Live Nation has settled with the US Department of Justice (DoJ) following allegations it had breached the terms of the deal agreed when merging with Ticketmaster in 2010.
The original judgement barred Live Nation from "retaliating against concert venues for using another ticketing company, threatening concert venues, or undertaking other specified actions against concert venues for 10 years". However, the DoJ alleges there have been "repeated" violations of the deal "over the course of several years".
The parties have now agreed a five and a half year extension to the agreement, which has been modified "to make clear that such conduct is prohibited" and will "also help deter additional violations and allow for easier detection and enforcement if future violations occur".
“When Live Nation and Ticketmaster merged in 2010, the Department of Justice and the federal court imposed conditions on the company in order to preserve and promote ticketing competition.” said assistant attorney general Makan Delrahim of the Justice Department’s antitrust division. “Today’s enforcement action including the addition of language on retaliation and conditioning will ensure that American consumers get the benefit of the bargain that the United States and Live Nation agreed to in 2010. Merging parties will be held to their promises and the Department will not tolerate transgressions that hurt the American consumer.”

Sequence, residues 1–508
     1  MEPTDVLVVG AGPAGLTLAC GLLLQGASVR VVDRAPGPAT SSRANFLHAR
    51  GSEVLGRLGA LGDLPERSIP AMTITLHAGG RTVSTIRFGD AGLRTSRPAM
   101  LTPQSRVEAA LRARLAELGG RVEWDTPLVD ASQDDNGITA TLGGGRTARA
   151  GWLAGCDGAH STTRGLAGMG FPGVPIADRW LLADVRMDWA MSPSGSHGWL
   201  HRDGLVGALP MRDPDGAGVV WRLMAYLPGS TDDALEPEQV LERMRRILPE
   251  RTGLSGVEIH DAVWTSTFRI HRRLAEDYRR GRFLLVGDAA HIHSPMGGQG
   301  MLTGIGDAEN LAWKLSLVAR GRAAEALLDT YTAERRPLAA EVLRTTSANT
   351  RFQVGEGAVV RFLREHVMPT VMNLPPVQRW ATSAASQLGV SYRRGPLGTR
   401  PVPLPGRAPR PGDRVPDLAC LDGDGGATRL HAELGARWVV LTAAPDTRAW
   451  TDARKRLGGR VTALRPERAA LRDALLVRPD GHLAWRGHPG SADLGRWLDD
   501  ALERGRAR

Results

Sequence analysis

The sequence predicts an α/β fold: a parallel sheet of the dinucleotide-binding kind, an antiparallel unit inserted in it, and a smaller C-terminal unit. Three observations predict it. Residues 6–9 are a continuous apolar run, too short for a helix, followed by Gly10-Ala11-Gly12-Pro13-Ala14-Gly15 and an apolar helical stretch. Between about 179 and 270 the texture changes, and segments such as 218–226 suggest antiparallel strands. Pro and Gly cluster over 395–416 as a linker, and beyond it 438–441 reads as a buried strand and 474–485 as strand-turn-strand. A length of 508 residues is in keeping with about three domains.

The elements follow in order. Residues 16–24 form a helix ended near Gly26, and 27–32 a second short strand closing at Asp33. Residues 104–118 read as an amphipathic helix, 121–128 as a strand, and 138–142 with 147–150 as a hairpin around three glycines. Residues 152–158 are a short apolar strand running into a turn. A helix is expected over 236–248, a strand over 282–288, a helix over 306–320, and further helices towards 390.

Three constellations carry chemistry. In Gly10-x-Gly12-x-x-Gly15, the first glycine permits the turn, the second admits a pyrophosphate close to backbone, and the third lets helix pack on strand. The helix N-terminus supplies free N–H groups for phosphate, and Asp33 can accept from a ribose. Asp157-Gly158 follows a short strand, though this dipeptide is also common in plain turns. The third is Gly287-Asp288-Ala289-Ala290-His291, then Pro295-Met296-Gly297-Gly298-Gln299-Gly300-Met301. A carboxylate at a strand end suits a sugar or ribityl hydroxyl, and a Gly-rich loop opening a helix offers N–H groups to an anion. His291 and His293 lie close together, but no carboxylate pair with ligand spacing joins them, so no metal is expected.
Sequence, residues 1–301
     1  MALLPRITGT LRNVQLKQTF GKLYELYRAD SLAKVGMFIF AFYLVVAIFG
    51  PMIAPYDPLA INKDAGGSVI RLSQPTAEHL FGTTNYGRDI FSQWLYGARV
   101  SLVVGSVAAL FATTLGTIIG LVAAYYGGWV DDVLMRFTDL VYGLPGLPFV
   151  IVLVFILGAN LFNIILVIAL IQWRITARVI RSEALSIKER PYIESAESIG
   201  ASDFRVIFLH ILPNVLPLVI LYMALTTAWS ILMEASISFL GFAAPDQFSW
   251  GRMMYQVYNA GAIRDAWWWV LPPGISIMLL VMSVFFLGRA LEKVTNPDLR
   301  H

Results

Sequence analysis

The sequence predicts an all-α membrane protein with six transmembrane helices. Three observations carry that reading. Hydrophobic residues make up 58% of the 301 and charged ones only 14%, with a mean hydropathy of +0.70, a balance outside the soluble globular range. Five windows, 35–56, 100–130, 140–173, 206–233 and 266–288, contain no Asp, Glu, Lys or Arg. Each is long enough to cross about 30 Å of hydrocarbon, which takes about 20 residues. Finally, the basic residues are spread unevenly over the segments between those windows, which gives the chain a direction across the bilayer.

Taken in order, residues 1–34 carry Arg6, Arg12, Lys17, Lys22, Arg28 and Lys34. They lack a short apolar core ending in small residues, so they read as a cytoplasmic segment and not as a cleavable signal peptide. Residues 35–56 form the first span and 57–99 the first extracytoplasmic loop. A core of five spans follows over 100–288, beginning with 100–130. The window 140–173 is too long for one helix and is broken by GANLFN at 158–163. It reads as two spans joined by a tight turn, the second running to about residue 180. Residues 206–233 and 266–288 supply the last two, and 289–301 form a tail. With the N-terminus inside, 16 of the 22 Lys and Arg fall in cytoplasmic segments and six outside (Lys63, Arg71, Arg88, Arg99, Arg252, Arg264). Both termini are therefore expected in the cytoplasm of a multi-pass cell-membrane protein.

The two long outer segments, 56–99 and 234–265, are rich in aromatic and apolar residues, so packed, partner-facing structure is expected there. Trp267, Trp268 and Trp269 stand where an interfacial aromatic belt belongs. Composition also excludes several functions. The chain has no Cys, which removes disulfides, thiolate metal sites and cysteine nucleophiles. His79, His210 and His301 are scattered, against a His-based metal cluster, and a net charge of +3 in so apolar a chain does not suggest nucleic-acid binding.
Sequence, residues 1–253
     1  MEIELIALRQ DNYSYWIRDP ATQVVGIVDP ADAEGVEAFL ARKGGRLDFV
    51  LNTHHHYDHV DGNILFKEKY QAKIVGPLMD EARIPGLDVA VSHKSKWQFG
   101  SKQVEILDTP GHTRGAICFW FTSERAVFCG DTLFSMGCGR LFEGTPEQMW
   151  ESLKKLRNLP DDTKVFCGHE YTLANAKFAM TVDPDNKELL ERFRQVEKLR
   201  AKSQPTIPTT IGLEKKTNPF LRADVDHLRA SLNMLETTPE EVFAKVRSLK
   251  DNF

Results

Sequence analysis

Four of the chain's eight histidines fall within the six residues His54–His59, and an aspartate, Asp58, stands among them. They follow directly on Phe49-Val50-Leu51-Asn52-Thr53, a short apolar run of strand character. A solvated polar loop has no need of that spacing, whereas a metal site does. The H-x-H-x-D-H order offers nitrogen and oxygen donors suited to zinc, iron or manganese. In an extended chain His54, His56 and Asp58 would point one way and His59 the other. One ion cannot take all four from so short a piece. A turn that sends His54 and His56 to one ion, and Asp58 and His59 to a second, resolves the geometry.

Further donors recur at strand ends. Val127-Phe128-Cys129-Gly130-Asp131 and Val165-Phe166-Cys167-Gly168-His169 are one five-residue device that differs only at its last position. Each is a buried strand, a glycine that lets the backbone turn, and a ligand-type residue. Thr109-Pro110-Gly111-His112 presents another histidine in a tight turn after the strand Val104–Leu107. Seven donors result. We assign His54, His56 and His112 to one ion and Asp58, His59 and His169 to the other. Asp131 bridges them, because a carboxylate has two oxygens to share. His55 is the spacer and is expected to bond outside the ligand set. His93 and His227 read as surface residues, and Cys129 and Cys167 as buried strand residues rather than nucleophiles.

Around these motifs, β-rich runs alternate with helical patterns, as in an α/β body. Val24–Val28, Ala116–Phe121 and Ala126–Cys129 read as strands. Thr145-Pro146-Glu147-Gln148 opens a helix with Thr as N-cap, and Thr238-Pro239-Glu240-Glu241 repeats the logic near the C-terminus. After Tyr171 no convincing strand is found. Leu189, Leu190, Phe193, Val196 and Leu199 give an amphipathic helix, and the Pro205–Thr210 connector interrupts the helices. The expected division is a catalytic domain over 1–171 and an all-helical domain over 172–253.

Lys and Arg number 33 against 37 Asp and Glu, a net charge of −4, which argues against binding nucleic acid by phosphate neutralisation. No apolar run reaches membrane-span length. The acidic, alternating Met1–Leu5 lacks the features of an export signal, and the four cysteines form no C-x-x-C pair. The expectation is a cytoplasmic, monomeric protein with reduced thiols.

A Live Nation statement said: "We have reached an agreement in principle with the Department Of Justice to extend and clarify the consent decree. We believe this is the best outcome for our business, clients and shareholders as we turn our focus to 2020 initiatives."